In an interview with Muslim Press, Professor Charles R. Larson discusses Donald Trump, American society and the future of the country.

Here's the full text of the interview:

Muslim Press: How do you analyze the rise of Donald Trump and its effect on American people? Especially the increase in violence?

Charles Larson: I'm sure that historians, looking back on this election cycle, will uncover a number of sources of Donald Trump's initially highly unlikely rise to his current position. I would cite three major influences on his rise: the financial collapse of 2008, the Internet, and his utter indifference to--even contempt for the usual "rules" of political campaigns.

Although millions of jobs have been created since the economic collapse of 2008, many of them are low paying, not adequate for supporting families decently. Simultaneously, as greed has increased on the part of those at the top (Donald Trump included), there has been an unwillingness to share that wealth with those who do not own stocks and work long hours to increase corporate profits. Thus, the money has flowed to the top because the tax code is rigged to favor the rich. The result: gross inequity in America as too many people struggle simply to get by while others become obscenely rich.

The Internet has become a dark, ugly place where any crackpot can express his opinion in what has, unfortunately, become our post-truth society. Worse, too many Americans do not recognize the lies they encounter on the Internet but believe that if something is stated as fact, it's true. It’s easy to believe that “Obama was not born in the United States” if you make no attempt to analyze the validity of that statement.

Violence always increases during times of economic uncertainty and inequity. With guns purchased as easily as candy, trigger-happy people are willing to take things into their own hands, settle scores with gunshots.

MP: What’s your take on his [Trump’s] rhetoric against Muslims? How has this changed the country?

Charles Larson: Does Donald Trump actually believe that Muslims, and other minorities, are ruining our country? It is impossible to know because he changes his opinions all the time. What Trump does know is that people need scapegoats for the focus of their blame and anger. Sadly, he is willing to use those scapegoats and to say derogatory and outrageous things that will win him followers. All Trump wants is for people to listen to him, and in the America that we have become, he can say anything he wants—sadly, with impunity. The media has permitted this because media companies (take Fox, for example) profit with higher viewer ratings if their audiences are glued to their TV sets, anticipating Trump’s next outrageous statement. Throughout this presidential campaign, the press has in effect played right into Trump's script. You could say that politics has become entertainment.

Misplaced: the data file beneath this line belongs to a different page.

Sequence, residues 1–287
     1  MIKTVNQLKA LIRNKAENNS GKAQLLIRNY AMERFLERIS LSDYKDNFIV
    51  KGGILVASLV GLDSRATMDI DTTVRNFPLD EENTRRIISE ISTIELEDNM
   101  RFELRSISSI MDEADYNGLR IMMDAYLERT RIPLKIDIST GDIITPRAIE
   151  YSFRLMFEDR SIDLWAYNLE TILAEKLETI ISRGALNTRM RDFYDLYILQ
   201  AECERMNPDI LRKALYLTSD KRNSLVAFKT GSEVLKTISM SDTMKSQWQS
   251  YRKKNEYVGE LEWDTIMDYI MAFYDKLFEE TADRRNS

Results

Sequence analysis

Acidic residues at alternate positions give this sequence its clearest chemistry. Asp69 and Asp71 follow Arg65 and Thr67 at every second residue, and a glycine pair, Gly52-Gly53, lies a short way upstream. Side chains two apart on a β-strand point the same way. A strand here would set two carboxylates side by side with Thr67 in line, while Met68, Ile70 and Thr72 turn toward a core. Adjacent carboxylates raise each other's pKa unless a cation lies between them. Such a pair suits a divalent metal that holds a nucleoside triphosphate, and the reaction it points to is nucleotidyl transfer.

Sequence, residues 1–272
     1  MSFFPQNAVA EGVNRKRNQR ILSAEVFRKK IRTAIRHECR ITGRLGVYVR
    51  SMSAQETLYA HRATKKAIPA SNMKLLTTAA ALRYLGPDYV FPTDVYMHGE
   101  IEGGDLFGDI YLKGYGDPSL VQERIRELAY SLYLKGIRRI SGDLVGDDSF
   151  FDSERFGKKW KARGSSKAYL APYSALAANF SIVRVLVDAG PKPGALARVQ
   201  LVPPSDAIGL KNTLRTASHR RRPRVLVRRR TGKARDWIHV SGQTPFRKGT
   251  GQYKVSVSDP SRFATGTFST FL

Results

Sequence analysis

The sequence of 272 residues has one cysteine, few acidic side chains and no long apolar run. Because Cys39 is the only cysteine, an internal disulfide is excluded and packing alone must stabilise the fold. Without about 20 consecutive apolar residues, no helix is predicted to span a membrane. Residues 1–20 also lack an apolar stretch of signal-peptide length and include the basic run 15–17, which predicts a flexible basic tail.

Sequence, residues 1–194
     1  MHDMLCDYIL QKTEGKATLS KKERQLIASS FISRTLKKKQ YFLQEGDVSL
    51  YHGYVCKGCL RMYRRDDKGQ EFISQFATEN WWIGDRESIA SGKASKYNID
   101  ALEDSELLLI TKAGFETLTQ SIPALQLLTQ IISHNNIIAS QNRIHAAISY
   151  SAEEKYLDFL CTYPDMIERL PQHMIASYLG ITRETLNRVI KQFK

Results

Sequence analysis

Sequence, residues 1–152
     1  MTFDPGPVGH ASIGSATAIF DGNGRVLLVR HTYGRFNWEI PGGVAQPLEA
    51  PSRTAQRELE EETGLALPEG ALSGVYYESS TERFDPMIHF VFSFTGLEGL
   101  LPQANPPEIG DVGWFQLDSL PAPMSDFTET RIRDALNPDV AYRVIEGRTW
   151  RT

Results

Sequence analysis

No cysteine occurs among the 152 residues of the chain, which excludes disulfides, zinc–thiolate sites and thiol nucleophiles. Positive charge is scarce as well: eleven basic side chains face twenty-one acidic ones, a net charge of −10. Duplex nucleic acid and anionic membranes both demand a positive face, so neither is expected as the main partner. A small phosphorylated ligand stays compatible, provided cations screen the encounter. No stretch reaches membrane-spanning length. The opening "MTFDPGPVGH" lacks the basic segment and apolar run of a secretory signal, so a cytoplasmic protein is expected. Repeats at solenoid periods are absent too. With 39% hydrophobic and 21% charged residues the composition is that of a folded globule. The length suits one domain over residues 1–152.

All of this has led to an environment in which a presidential candidate can say anything he wants with little fear of a backlash. Worse, people appear not to care.

MP: Do you think there’s a link between his [Trump’s] anti-Muslim remarks and a surge in ISIS recruitment?

Charles Larson: Trump's rhetoric may have contributed to the increase in ISIS recruits, but let’s admit: by invading Iraq in 2003, the United States destabilized the Middle East. This was George Bush’s colossal mistake, the worst foreign policy decision in our country’s history. The terrible consequences have been with us ever since.

MP: What do you think about the future of his [Trump’s] campaign? Is he likely to become the next president of the United States?

Charles Larson: I see little change during the coming weeks between now and Election Day. Donald Trump has uttered hundreds of lies during this campaign. If people believe that Hillary Clinton’s mistakes are worse than Trump’s lies--to say nothing of the things he refuses to reveal, such as whether he pays any taxes--then Trump will win the election. Clinton's errors are minor offenses compared to Trump’s wholesale distortions of virtually everything.

One problem with democracy is that we get the person we elect.


Charles R. Larson is Emeritus Professor of Literature at American University, in Washington, D.C. He is the Book Critic for COUNTERPUNCH.